Nuclear Power Plant Explosions at Fukushima-Daiichi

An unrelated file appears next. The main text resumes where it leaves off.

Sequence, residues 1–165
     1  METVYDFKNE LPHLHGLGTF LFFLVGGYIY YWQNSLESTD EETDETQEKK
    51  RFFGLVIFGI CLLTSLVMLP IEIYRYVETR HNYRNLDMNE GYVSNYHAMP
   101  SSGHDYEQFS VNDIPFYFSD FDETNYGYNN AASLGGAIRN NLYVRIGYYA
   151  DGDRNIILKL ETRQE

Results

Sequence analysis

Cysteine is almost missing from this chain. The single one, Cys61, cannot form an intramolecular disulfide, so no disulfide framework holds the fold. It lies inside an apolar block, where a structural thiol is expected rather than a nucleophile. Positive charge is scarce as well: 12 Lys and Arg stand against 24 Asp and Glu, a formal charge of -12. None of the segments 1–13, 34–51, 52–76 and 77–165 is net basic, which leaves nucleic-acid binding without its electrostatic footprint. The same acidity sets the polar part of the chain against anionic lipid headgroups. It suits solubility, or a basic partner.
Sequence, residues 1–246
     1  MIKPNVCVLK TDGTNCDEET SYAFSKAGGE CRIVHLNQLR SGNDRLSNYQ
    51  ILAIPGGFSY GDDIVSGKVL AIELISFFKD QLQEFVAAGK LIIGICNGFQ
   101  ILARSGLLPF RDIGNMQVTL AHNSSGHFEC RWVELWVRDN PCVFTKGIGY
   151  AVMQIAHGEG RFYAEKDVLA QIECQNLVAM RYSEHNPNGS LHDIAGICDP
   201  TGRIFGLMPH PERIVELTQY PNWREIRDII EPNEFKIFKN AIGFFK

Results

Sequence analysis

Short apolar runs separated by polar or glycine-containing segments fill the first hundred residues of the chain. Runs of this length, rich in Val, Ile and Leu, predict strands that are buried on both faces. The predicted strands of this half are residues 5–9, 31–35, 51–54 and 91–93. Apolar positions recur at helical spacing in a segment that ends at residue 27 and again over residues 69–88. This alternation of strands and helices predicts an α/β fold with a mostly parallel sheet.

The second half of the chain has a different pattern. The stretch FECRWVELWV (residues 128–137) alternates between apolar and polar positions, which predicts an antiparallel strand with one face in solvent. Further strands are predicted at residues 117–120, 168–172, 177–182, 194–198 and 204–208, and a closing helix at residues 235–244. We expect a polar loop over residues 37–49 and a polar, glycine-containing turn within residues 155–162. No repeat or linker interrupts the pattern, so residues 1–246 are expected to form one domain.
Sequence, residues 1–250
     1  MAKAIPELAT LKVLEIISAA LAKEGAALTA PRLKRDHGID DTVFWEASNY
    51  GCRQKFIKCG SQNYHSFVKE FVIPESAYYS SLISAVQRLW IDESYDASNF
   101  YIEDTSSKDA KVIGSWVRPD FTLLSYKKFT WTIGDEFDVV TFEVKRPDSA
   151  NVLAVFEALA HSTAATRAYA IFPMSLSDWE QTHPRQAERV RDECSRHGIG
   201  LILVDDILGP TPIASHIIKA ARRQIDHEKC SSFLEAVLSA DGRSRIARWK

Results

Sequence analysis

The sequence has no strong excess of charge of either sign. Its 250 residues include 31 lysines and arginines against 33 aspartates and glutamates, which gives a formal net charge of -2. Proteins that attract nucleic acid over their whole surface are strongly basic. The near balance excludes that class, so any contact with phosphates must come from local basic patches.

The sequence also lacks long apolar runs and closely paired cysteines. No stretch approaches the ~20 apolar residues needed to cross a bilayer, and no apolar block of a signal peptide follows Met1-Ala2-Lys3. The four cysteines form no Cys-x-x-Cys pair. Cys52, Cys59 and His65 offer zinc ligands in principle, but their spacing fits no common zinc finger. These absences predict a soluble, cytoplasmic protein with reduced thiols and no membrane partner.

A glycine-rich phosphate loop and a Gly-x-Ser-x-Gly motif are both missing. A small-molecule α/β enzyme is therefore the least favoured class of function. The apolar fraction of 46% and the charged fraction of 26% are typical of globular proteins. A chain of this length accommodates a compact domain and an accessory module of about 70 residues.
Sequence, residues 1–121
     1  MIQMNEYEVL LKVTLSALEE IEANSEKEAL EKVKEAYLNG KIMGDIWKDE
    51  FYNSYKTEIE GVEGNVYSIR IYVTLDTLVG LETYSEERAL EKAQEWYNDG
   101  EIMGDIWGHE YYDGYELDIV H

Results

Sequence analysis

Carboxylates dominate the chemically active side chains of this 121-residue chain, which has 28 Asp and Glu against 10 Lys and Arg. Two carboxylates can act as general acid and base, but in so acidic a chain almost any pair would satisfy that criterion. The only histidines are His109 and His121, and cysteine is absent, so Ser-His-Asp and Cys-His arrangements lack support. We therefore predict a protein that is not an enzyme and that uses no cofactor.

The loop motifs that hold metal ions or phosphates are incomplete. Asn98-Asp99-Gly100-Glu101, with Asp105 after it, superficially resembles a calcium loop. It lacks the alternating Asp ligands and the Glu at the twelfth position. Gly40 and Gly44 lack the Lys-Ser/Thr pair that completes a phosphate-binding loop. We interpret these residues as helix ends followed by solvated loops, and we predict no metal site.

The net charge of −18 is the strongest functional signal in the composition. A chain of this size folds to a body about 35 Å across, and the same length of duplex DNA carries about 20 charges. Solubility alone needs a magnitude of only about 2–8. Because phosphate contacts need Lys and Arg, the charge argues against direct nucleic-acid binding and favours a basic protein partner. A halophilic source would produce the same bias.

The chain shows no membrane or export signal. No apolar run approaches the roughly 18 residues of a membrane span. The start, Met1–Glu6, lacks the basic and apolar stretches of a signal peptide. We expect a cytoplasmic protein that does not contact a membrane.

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<ul><li><p> Procedia Engineering 62 ( 2013 ) 71 77 </p><p>Available online at www.sciencedirect.com</p><p>1877-7058 2013 International Association for Fire Safety Science. Published by Elsevier Ltd. All Rights ReservedSelection and peer-review under responsibility of the Asian-Oceania Association of Fire Science and Technologydoi: 10.1016/j.proeng.2013.08.045 </p><p>ScienceDirect</p><p>The 9th Asia-Oceania Symposium on Fire Science and Technology </p><p>Nuclear power plant explosions at Fukushima-Daiichi </p><p>Takashi Tsuruda* Akita Prefectural University, 84-4 Ebinokuchi Tsuchiya, Yurihonjo, Akita 015-0055, Japan </p><p>Abstract </p><p>The Great East Japan Earthquake on March 11, 2011 generated a series of large tsunami waves. The tsunami waves reached area deep within the units at Fukushima Daiichi nuclear power plant. The station blackout and loss of all instrumentation and control systems at reactor 1-4 at Fukushima Daiichi nuclear power plant caused the loss of control and cooling means of three reactor units that were operational up to the time of the earthquake. These three reactor cores were heated up due to reactor decay heating. Severe damage of the fuel and a series of explosions occurred. The explosions of unit 1 and 3 at Fukushima Daiichi nuclear power plant have been investigated using image processing. The explosion of unit 1 is a typical gas explosion with the following steam release from the reactor container vessel. It seems that the destruction of the reactor building of unit 3 initiated by the major leakage from the reactor container vessel or gas explosion and following massive release of internal fluid accelerated the structural destruction. The ejected flammable gas burned as a counter flow flame on the roof of the reactor building of unit 3. 2013 Published by Elsevier Ltd. Selection and/or peer-review under responsibility of the Asia-Oceania Association for Fire Science and Technology. </p><p>Keywords: Earthquake; Tsunami; Explosion; Debris; Flame </p><p>Nomenclature </p><p>t time after explosion (s) H height from ground level (m) A1 estimated surface area of upper structure of reactor building (m2) V1 estimated volume of combustible mixture burned (m3) l characteristic length (m) characteristic time (s) </p><p>1. Introduction </p><p>The Great East Japan Earthquake on March 11, 2011 generated a series of large tsunami waves. The earthquake and tsunami waves caused wide spread devastation across a large part of Japan. </p><p>Several nuclear power plants were firstly affected by the sever ground motions and the operating units at these plants were shut down by automatic systems. These plants were secondly affected by the large tsunami waves. The tsunami waves reached area deep within the units at Fukushima Daiichi nuclear power plant. The station blackout and loss of all instrumentation and control systems at reactor 1-4 at Fukushima Daiichi nuclear power plant caused the loss of control and cooling means of three reactor units that were operational up to the time of the earthquake. These three reactor cores were heated up due to reactor decay heating. Severe damage of the fuel and a series of explosions occurred [1]. </p><p>* Corresponding author. Tel.: +81 184 27 2102; fax: +81 184 27 2102. E-mail address:TTsuruda@akita-pu.ac.jp. </p><p> 2013 International Association for Fire Safety Science. Published by Elsevier Ltd. All Rights ReservedSelection and peer-review under responsibility of the Asian-Oceania Association of Fire Science and Technology</p></li><li><p>72 Takashi Tsuruda / Procedia Engineering 62 ( 2013 ) 71 77 </p><p>A local TV station, Fukushima Central Television installed a telephoto camera system at a hill 10 km from Fukushima Daiichi nuclear power plant. The installed camera recorded the explosion of the unit 1 on March 13, 2011 and that of the unit 3 on March 14, 2011. The installed camera also operated to record the events on March 15, 2011 when the unit 4 exploded but the fields were covered in morning mist. The TV network that controls the copyright of the video tape of the explosions of unit 1 and 3, Nippon news network provided the author two digital files of these explosions for detailed investigation. </p><p>Considering the characteristic velocity of gas explosion phenomena, the use normal video rate movie for analytical investigation of gas explosion phenomena is not acceptable for laboratory scale experiments. The characteristic velocity, l/ the ratio of the characteristic length, l and time, of the explosion accidents of nuclear reactors are estimated to be of order of 104 m/s for the characteristic length of 400 m and the video rate of 3.3 10-2 s. </p><p>Explosion destroyed nuclear reactor building which is a containment of reactor core. Debris and radioactive materials were scattered over the plant. Four people were injured during the explosion of unit 1 and eleven people were also injured during the explosion of unit 3[2]. Wind transported the released radioactive materials. </p><p>A reactor building is equipped with a tall exhaust tower to maintain the lower internal pressure and higher dilution of discharged materials. Gas explosion transported radioactive materials released during the explosions of units 1 and 3 to higher altitude and diluted in the wind stream while radioactive materials from unit 2 were released directly from the reactor building near the ground and the observed radiation level at the plant gate was much higher than those of units 1 and 3 explosions. </p><p>Two explosions of nuclear reactor buildings illustrated the processes of radioactive material release and dispersion and it is important to verify the effectiveness of the current accident management against explosion hazards. </p><p>In this paper, the explosions of unit 1 and 3 at Fukushima Daiichi nuclear power plant have been investigated with image processing. </p><p>1.1. Image data </p><p>The recorded images were supplied as high quality movie files. The frame rate of the movies was 30 frames / second. Two movies were converted into two series of color images. A set of programs processed these images. </p><p>The vertical pixel size was estimated from the heights of exhaust tower and reactor building. The horizontal pixel size was assumed to be equal to the vertical one. </p><p>The heights of exhaust tower and reactor building are 120 m and 60 m, respectively from the ground level of Fukushima Daiichi nuclear power plant, 10 m above sea level. The vertical difference between the tops of exhaust tower and reactor building is 79 pixels. The estimated pixel size is 0.76 m/pixel. </p><p>1.2. Analysis </p><p>Each series of color images of explosion was processed to generate an x-t diagram to examine the vertical movement of debris and gas. The centerline of the reactor building was sampled from each color image and compiled a x-t diagram. </p><p>2. Unit 1 explosion </p><p>Two frames of color image recorded flame on the reactor building of unit 1, the following series of color images also recorded debris and gas movements. The vertical velocities of debris and gas were determined from the x-t diagram in vertical direction. Based on the obtained x-t diagram, detailed flame and gas movements have been examined. </p><p>2.1. x-t diagram in vertical direction </p><p>Figure 1 shows an x-t diagram in vertical direction of unit 1 explosion along the center of the reactor building. t in this figure is time after flame appearance. Centerline from H = 0 to 480 m of the reactor building of unit 1 was sampled from t = 1 s to 19 s. </p><p>Water condensation is seen as a strait white line from t = 0.13 s to 0.33 s. The roof debris is also seen from t = 0.5 s to 4 s. The peak of this trajectory occurred at t = 2.3 s at H = 86 m. White streak, stream line 1 appears after t = 1 s at H = 40 m and becomes brighter at t = 5 s. Another wide white streak, </p><p>stream line 2 appears after t = 3.5 s at H = 50 m. The merged streaks separates lower and upper clouds after t = 10 s with the maximum height H = 120 m. </p></li><li><p>73 Takashi Tsuruda / Procedia Engineering 62 ( 2013 ) 71 77 </p><p>Fig. 1. x-t diagram in vertical direction of unit 1 explosion along the center of the reactor building. </p><p>2.2. Detailed flame observation </p><p>The reactor building of unit 2 on the recorded image covered part of the reactor building of unit 1 as shown in N3, N4, and N5 of Fig. 2. N5 of Fig. 2 shows detailed flame images of unit 1 explosion. As south wall of unit 1 is partly covered with unit 2, two lines indicate the horizontal location of unit 1 and two dotted lines show that of unit 2 in N5 of Fig. 2. A tower stands in front of unit 1 as a black vertical line. </p><p>Flame appears on the upper part of the west and south wall of unit 1 and not above the reactor building of unit 1 in N5 of Fig. 2. </p><p>Fig. 2. Detailed flame images of unit 1 explosion. </p><p>Fig. 3. Extended x-t diagram from t= 0.8 s to 0.8 s. Fig. 4. Flame movement during explosion. </p></li><li><p>74 Takashi Tsuruda / Procedia Engineering 62 ( 2013 ) 71 77 </p><p>2.3. Water condensation propagation velocity </p><p>Water condensation after flame appearance was examined in detail. An extended x-t diagram from t = 0.8 s to 0.8 s is shown in Fig. 3. This figure shows water condensation in six frames. A straight line connects the upper rim of water condensation. The propagation velocity is 273 m/s. </p><p>2.4. Flame movement during explosion </p><p>Presuming that the flame located at the roof of the reactor building at t = 0 in N5, upper rim of flame in two pictures of unit 1 from t = 33 ms to 100 ms in N6 and N7 were connected with a straight line as shown in Fig. 4. Flame appears above the reactor building of unit 1 in N6 of Fig. 4. White cloud appears above the reactor building in N7 and N8. </p><p>The gradient of this line 150 m/s in vertical direction shows that the flame propagation velocity is much larger than that of deflagration but smaller than that of detonation. </p><p>3. Unit 3 explosion </p><p>Flame on the reactor building of unit 3 was recorded on fourteen frames of color image. Debris and gas movements were also recorded. </p><p>3.1. x-t diagram in vertical direction </p><p>Figure 5 shows an x-t diagram of unit 3 explosion. Centerline from H = 0 m to 400 m of unit 3 was sampled from t = 1 s to 19 s. </p><p>Flame is seen from t = 0 to 0.43 s. The upper edge of the flame reaches its maximum height, H = 77 m at t = 0.1 s and lowers. The lower edge of the flame reaches its minimum height, H = 55 m at t = 0.2 s, rises. Four steam lines 1, 2, 3, and 4 are seen between H = 40 m and 60 m. These steam lines form the lower cloud after t = 8 s. The stream line 2 descends from t = 0.5 s to 2 s. </p><p>Black cloud is seen above the flame after t = 0.2 s. This cloud rises to H = 400 m at t = 19 s. Two groups of falling debris are seen after t = 8 s. The lower cloud from t = 9 s to 12 is covered with one of these groups. The other group is seen from t = 9 s to 12 s. The peaks of these two groups of debris trajectory, H = 240 m and 210 m occurs around t = 7 s and 5 s respectively. Deformation of the lower cloud occurs from t = 12 s to 14 s when the falling fragments land on the reactor building. </p><p>Rising dust is seen from H = 300 m to 400 m after t = 14 s. Upper cloud at H = 120 m and lower cloud from H = 40 m to 100 m are seen after t = 14 s. </p><p>Fig. 5. x-t diagram of unit 3 explosion. </p><p>3.2. Detailed flame observation </p><p>Detailed flame images of unit 3 from t = 67 ms to 0 are shown in M2, M3, and M4 of Fig. 6. Frame is horizontally divided into seven areas, R1, S1, R2, R3, S2, R4, and R5 in this figure. Area R1, south wall of unit </p><p>2, area S1 ,space between unit 2 and unit 3, area R2, west wall of unit 3, area R3, south wall of unit 3, area S2, space between unit 3 and unit 4, area R4 ,west wall of unit 4, and area R5,south wall of unit 4 are shown in this figure. </p></li><li><p>75 Takashi Tsuruda / Procedia Engineering 62 ( 2013 ) 71 77 </p><p>Flame appears at right side of area R3 and left side of area S2 between H = 58 m and 75 m at t = 0 in M4 of Fig. 6. Comparing frames, M2 and M4 of t = 67 ms and 0 in this figure, a dark part is seen at left side of area S1 and area R2 between H = 45 m and 65 m and no change is seen at the similar area of unit 4, area R4 between H = 45 m and 60 m. </p><p>A black line is seen at right side of area S1 of H = 60 m at t = 0. This black line is clearly seen at areas R2 and R3 of H = 60 m at t = 33 ms. The width of this black line increases at the center of area R3 at t = 33 ms. </p><p>A bright line is also seen at right side of area R3 of H = 70 m at t = 33 ms. Ejecting flow is seen at the boundary between areas R3 and S2 from H = 45 m to 60 m at t = 33 ms. </p><p>Fig. 6. Detailed flame images of unit 3. </p><p>3.3. Fluid movement around unit 3 </p><p>Figure 7 shows Fluid movement around unit 3 from t = 0.1 s to 0.5 s. Dark shadow on the south wall of unit 2 is moving to the left side of the wall as seen in frames, M7, M10, M13, M16, and M19. Triangle dark shadow appears between H = 45 m and 60 m in frame M19 at t = 0.5 s. The estimated velocity of this white line is 20 m/s. </p><p>Fig. 7. Fluid movement around unit 3 from t = 0.1 s to 0.5 s. </p><p>4. Results and discussion </p><p>4.1. Explosion of the reactor building of unit 1 </p><p>Based on the recorded events of the explosion of unit 1, Fig. 8 shows schematically velocities of water condensation (white area) propagation, asphalt roof, flame, and moving fluid. </p></li><li><p>76 Takashi Tsuruda / Procedia Engineering 62 ( 2013 ) 71 77 </p><p>Invisible expansion wave seems to travel ahead of the water condensation. The internal fluid seems to expand uniformly at the velocity between 110 m/s and 150 m/s from unit 1. The expanding fluid was burning in this rapidly expanding flow field for short duration. Considering this short duration of burning of 0.067 s, the flame propagation length is 0.2 m with the maximum burning velocity, 3 m/s of hydrogen-air mixture. </p><p>Assuming that the flame propagated normal to the external walls and the estimated surface area, A1 of the upper structure, 60 m x 60 m is 3600 m2, the estimated volume, V1 of combustible mixture burned during this period is 720 m3. The ratio of the estimated volume V1 to the total volume of the upper structure, 72000 m3 is 0.01. Assuming the burned gas expand 8 times in volume, the expected over pressure is 8 kPa. The over pressure estimated from the fragment velocity of the asphalt roof is 27 kPa [3]. Based on this estimation, 78 % volume of the formed mixture has burned before the structural destruction. </p><p>The explosion of unit 1 is a typical gas explosion with the following steam release from the reactor container vessel. </p><p>Fig. 8. Schematic of explosion of unit 1. </p><p>4.2. Explosion of the reactor building of unit 3 </p><p>Figure 9 shows velocity of moving fluid around unit 3 of t &lt; 0.1 s, schematically. </p><p>Fig. 9. Schematic of explosion of unit 3. </p><p>Fluid is spreading from the corner of the reactor building at 150 m/s after t = 0. The velocities of these fluids are the order of the velocity of the expanding fluid from unit 1. The fluid spread rate in horizontal direction reaches 20 m/s after t = 0.2 s as shown in Fig. 7. </p><p>Dark cloud and steam appeared in an accident...</p></li></ul>